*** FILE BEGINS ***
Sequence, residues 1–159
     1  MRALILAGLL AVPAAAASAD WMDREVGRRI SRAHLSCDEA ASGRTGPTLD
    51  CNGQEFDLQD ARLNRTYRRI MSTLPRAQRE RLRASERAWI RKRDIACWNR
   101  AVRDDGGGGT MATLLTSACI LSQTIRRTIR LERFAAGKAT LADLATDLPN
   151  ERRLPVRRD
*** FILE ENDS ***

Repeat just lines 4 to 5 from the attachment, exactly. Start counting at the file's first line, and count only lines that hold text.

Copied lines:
   101  AVRDDGGGGT MATLLTSACI LSQTIRRTIR LERFAAGKAT LADLATDLPN
   151  ERRLPVRRD